Hi Ravi, thanks for your reply.
Default the folder /etc/sysconfig does not exist on my embedded system. Of Course i could create it as well as the files mentioned, but it would be out of the context of this instructions.
I found here very good stuff! You are doing an excellent job and I like your site! Thanks!
Thanks for finding this site very useful and thanks for appreciating our work, Keep visiting for more such useful articles…
Great job, I was I actually looking for an article like this one. So thank you so very much. Keep up the good work.
Thanks for appreciating and finding this article useful, keep connected to Tecmint for such wonderful articles…:)
What if I have 2 NICs on my server one for LAN & one for WAN and I want to set one of them (WAN) as default gateway? How to configure this server as gateway and as a router.
The easiest way to add default gateway using route command as shown:
Don’t forget to replace the gateway IP address and interface-name in the above command.
One can also use following command to setup static IP on eth0 interface for example. # ifconfig eth0 192.168.1.1 netmask 255.255.255.0 up # route add default gw 192.168.0.1 # service network restart
Thanks for the tip, but I think setting IP address directly from the commandline using ifconfig and route will only allow you to set temporarily, once you reboot, these settings disappears. So, the best option to set static IP address permanently in network configuration files only….
wipe on reboot, so that best option is to set permannetly
Hello Ravi, What is difference between the service “NetworkManager” and “network”
This article will help you to understand the difference between and NetworkManager and Network: http://askubuntu.com/questions/1786/what-is-the-difference-between-network-manager-and-ifconfig-ifup-etc
Why do we need to specify DNS in both ifcfg-eth0 and resolvlf.conf?
Actually if you have added the DNS servers in the ifcfig-eth0 file the DNS servers will be automatically added to /etc/resolv.conf. You can skip defining the DNS servers in the ifcfig-eth0 file, but then you will need to have them set in /etc/resolv.conf manually. It’s a good practice to make sure that the DNS servers are specified correctly in both files, this is why the article says to set them in both files.
Got something to say? Join the discussion. Cancel reply
Thank you for taking the time to share your thoughts with us. We appreciate your decision to leave a comment and value your contribution to the discussion. It's important to note that we moderate all comments in accordance with our comment policy to ensure a respectful and constructive conversation.
Rest assured that your email address will remain private and will not be published or shared with anyone. We prioritize the privacy and security of our users.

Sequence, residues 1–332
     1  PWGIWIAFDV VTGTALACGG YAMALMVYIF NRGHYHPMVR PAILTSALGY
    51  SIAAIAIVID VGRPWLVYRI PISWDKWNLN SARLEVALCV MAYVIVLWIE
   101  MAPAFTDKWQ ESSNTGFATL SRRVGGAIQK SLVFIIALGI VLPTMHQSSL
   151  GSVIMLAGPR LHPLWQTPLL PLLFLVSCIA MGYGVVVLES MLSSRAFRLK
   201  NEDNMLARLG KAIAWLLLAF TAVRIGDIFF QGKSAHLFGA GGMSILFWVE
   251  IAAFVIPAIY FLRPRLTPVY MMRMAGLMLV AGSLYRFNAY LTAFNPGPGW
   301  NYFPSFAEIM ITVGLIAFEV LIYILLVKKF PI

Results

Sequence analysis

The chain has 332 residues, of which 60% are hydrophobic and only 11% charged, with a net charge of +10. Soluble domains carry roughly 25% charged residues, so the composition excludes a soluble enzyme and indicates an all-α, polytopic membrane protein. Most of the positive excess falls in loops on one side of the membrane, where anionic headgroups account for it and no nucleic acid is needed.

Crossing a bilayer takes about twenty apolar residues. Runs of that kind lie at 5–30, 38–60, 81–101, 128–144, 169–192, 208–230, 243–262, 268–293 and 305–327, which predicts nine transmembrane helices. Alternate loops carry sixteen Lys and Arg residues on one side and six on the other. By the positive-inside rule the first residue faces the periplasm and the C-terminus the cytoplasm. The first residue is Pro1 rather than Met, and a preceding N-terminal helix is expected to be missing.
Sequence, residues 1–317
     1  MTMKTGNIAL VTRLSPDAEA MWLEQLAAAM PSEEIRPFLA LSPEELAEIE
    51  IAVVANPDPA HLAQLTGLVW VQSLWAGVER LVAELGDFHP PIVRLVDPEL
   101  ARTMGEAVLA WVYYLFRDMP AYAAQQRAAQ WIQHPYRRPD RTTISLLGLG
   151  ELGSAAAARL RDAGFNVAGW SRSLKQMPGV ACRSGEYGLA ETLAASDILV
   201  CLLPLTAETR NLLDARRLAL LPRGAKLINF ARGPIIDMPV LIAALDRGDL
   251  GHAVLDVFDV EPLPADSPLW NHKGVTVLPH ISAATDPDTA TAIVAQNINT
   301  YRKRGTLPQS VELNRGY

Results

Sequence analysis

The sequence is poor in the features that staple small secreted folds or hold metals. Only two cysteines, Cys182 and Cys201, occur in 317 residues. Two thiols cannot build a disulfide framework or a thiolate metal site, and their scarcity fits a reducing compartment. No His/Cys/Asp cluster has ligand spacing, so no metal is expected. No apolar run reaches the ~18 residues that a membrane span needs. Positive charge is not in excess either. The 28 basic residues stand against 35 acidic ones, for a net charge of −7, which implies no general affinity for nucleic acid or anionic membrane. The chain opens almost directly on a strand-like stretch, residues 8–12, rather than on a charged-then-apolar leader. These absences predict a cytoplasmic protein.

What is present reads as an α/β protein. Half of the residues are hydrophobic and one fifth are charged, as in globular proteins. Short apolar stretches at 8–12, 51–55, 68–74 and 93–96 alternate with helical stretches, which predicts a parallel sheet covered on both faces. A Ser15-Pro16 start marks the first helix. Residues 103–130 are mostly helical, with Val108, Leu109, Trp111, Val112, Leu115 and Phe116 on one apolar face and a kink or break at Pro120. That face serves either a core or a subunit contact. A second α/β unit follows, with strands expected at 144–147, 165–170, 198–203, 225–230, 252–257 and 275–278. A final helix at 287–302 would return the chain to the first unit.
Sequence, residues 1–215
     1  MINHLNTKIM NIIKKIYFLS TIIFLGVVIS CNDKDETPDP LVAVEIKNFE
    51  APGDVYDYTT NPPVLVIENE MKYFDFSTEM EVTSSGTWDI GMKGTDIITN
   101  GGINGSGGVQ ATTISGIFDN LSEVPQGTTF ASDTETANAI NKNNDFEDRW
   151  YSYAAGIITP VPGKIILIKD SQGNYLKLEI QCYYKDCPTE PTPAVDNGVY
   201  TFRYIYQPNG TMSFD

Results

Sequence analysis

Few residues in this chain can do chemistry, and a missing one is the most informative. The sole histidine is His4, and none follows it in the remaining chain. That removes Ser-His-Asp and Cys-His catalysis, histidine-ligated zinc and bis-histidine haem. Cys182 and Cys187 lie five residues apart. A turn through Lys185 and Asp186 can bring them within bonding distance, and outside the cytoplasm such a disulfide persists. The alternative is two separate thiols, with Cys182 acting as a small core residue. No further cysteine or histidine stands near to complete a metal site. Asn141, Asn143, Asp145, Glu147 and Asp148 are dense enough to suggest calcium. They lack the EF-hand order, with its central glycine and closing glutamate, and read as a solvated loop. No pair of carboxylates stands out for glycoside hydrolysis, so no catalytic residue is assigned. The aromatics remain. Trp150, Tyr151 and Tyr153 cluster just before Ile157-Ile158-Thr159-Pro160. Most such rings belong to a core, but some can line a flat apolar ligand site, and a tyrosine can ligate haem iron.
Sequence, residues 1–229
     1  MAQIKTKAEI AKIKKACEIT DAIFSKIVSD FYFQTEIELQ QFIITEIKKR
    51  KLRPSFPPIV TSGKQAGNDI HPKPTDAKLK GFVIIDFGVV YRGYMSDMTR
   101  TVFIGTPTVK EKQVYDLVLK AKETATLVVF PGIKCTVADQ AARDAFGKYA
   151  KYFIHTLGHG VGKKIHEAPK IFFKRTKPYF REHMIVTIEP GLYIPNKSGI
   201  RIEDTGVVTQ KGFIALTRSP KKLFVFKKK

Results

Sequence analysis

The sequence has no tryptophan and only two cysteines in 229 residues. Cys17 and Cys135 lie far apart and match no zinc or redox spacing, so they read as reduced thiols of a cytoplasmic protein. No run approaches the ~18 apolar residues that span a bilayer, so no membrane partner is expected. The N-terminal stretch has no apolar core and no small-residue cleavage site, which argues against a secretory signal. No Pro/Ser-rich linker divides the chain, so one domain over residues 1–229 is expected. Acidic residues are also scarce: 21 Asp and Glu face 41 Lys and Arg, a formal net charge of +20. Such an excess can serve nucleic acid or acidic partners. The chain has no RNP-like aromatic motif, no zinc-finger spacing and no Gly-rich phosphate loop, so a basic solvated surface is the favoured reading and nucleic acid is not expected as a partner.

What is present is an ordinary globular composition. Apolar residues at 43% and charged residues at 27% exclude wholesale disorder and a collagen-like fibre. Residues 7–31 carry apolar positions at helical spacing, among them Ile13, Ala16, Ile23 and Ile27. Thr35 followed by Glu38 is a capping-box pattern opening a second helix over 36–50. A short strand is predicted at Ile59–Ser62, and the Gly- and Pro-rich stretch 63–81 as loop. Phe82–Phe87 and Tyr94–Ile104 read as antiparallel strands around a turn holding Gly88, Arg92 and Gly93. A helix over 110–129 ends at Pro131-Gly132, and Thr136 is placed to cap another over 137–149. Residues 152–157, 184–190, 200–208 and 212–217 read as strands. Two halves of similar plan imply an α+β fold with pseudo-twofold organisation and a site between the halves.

Save my name, email, and website in this browser for the next time I comment.
Stack Exchange Network
Stack Exchange network consists of 183 Q&A communities including Stack Overflow , the largest, most trusted online community for developers to learn, share their knowledge, and build their careers.
Q&A for work
Connect and share knowledge within a single location that is structured and easy to search.
How to change ip address in ubuntu desktop through command line
In Ubuntu desktop 13.04 changing /etc/network/interfaces file don't change ip address or convert DHCP to static network interface configuration. after changing the file I tried
I have connected to system with ssh.
- How are you changing the IP when editing the` /etc/network/interfaces` file? – Mitch Aug 21, 2013 at 11:46
- @Mitch link – Necktwi Aug 21, 2013 at 11:50
- 1 You mean to say you edited that file but it doesn't have any effect? It doesn't change the IP address? – Alaa Ali Aug 21, 2013 at 11:52
- @Alaa i did sudo service networking restart – Necktwi Aug 21, 2013 at 11:53
6 Answers 6
By default, Ubuntu (or Network Manager to be specific) ignores the /etc/network/interfaces file. To make the changes you made take effect, execute the following commands:
Assuming that wlan0 is the interface you are editing. Once you do that, wlan0 will come up with the settings you have under its stanza in /etc/network/interfaces .
Edit: since you're connected through SSH. You can try the following:
Edit /etc/NetworkManager/NetworkManager.conf and change ifdown managed to false :
- How to restart the networking service?
- if i use ifdown i will loose connection to the system. If it dont work there is no way to connect again. – Necktwi Aug 21, 2013 at 12:10
- i can try restarting the system but if static ip is not set i cant know its dynamic new ip – Necktwi Aug 21, 2013 at 12:14
- @neckTwi try my updated answer. Also, are you sure it's going to have a different IP? Usually, there's a lease period where, even if you restart the machine, it'll still get the same IP until the pre-defined lease period expires. But that depends of course, I'm just saying what's on my mind. – Alaa Ali Aug 21, 2013 at 12:17